My question is this: to what extent did the Papacy plan on how they would milk the Pontiff's death for maximum publicity? And a related question, is there an investigate journalist intrepid enough to research and publicize the PR plans that must surely exist somewhere in the Vatican.
I have to admit, I am not particularly interested in the Pope or Catholicism. As an agnostic social liberal, I never much cared for the Church's resistance to birth control and the like, but I did appreciate the opposition to the invasion of Iraq. Last week I read Billmon's take and Kid Oakland's take, (among others) and I'm willing to at least take as a working hypothesis the notion that John Paul II's reign was a mixed blessing for the world, regardless of whether and how many people truly loved the man. Cool. Whatever. That's their thing, not mine. It's a shame that the catholic masses are sad about his death, but frankly I was hoping to move on with my life this week and be able to watch TV again without being subjected to 9/11 like coverage of the Pope's funeral arrangements.
I was therefore not pleased this morning to wake up and see that coverage of the Pope is dominating even my local news channel (NY1 here in New York) and that the funeral is not going to take place until Friday. Friday! You mean we have another whole week of this stuff? What really got me was when some newscaster mentioned a nine-day mourning period.
Then it dawned on me. Two straight weeks of non-stop coverage of the Pope and Catholicism cannot be an accident. Moreover, it's not like the MSM is doing balanced coverage of the Pope and his life. No, it's totally fawning, non-stop, all the time. What is two (or more) weeks of this type of worldwide coverage worth to a church in decline, I'm thinking? Can it help to erase the memory of the pedophile priests? Maybe, maybe not, but it sure helps. A lot. A real, real lot. Imagine what you'd have to pay if you wanted to buy commercial space for this much advertising? Billions. More even, because you have "neutral", "credible" newscasters singing the praises of the Church, and you never get to see anyone on the other side of the issue. Billions doesn't cut it, does it? This PR is truly priceless.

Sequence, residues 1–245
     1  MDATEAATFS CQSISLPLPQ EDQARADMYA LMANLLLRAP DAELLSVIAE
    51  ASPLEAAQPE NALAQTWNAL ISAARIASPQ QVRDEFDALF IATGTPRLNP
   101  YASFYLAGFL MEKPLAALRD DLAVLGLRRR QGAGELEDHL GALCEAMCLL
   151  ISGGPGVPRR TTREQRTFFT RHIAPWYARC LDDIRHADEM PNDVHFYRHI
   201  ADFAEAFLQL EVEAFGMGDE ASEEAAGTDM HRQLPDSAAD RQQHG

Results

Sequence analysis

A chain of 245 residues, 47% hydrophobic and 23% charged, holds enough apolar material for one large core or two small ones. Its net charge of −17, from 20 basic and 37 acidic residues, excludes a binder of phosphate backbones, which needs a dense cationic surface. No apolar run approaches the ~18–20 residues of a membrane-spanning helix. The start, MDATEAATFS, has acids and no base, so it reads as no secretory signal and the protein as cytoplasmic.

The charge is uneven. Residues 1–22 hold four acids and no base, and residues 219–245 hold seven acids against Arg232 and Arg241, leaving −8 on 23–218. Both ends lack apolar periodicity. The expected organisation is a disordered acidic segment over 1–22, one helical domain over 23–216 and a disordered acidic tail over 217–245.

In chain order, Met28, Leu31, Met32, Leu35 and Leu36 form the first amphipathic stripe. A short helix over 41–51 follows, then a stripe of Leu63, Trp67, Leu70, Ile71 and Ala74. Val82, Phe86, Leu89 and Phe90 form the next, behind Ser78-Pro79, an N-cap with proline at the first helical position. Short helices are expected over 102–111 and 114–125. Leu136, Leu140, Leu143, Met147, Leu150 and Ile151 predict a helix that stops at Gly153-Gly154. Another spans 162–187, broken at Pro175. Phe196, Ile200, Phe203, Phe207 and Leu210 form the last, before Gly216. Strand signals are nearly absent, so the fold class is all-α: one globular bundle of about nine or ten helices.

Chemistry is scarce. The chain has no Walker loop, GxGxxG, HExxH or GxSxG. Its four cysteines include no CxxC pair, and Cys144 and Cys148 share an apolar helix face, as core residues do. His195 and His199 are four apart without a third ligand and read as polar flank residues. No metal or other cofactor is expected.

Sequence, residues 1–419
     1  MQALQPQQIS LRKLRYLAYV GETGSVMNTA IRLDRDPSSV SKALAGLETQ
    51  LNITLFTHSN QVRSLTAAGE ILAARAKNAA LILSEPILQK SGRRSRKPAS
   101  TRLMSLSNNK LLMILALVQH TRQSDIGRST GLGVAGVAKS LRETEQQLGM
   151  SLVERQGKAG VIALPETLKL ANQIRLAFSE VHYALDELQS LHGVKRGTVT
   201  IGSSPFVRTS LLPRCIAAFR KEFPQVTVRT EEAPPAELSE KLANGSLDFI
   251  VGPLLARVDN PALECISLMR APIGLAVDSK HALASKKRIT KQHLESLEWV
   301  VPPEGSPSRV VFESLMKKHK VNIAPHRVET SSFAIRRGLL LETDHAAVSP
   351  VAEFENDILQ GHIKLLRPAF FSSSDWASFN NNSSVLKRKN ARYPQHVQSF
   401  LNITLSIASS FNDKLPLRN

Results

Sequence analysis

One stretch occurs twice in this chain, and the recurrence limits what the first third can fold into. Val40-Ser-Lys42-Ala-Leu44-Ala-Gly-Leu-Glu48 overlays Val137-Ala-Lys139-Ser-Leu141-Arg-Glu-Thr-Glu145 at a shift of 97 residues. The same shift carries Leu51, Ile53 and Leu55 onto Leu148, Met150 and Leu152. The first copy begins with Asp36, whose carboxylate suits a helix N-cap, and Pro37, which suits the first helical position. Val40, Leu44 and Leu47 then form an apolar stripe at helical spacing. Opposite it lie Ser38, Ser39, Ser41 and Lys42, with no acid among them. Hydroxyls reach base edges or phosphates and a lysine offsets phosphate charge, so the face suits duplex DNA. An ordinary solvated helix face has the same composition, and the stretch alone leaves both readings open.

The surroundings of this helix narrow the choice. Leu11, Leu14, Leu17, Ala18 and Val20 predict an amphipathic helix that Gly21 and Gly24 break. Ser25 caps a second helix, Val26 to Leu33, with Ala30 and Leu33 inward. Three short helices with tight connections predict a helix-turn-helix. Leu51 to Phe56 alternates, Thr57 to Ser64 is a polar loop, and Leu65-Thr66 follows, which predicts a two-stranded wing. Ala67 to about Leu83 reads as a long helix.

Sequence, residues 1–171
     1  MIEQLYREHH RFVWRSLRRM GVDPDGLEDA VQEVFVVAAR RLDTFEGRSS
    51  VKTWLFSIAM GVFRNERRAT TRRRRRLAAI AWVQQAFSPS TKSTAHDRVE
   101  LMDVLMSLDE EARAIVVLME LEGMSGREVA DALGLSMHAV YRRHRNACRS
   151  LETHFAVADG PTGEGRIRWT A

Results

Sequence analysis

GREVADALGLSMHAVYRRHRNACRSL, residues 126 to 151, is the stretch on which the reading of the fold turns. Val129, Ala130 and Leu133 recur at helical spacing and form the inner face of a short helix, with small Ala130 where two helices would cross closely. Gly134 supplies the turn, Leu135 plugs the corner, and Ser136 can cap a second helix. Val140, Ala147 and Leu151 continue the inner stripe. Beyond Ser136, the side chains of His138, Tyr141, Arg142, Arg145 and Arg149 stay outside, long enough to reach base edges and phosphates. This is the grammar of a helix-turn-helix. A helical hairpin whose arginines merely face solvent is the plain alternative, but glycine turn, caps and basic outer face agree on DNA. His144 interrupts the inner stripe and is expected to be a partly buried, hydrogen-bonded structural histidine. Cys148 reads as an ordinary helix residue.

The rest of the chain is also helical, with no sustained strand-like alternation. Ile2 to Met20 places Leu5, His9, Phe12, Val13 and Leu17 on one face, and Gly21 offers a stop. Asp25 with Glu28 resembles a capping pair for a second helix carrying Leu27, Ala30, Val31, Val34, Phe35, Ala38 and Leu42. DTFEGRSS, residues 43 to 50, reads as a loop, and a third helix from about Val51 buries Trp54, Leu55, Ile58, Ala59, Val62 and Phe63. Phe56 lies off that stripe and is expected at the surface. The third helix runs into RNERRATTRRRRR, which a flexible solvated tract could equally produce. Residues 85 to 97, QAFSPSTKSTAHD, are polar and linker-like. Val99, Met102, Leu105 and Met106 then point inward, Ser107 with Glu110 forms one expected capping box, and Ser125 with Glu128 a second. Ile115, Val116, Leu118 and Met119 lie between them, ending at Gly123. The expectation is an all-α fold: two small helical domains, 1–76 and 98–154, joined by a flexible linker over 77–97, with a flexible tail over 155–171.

So, I'm thinking, I'm surely not the first person to realize that the Pope's death would lead to two plus weeks of a priceless PR bonanza. Surely the people at the Vatican who are in charge of generating positive publicity for the papacy must have realized years ago that John Paul's death would be literally the greatest thing that ever happened to the church from a PR perspective.
I know how these types of businesses work. When they have a PR opportunity like this, they put tons of marketing drones on the case to generate plans and coordinate activities. All those priests who fawn over the Pope on TV have to be doled out properly to news organizations all over the world after all. Funeral plans, mourning plans, lying in state plans all need to be laid out to maximize the PR potential.
In fact, it strikes me that this is such a PR bonanza, and that this is so important to the church, that even John Paul himself must have been involved in the planning!
In the meantime, while I've seen lots of articles about the state of the church and conventional wisdom about who the next pope might be, I haven't seen a single article about the PR strategy relating to John Paul's death. Is this just too sensitive of a subject? Surely there must be a reporter out there willing to tackle the issue.
In the meantime, if anyone is aware of any news channels running non-Pope coverage, please let me know, or otherwise I might get stuck watching sitcoms and movie reruns until the funeral coverage finally comes to a halt.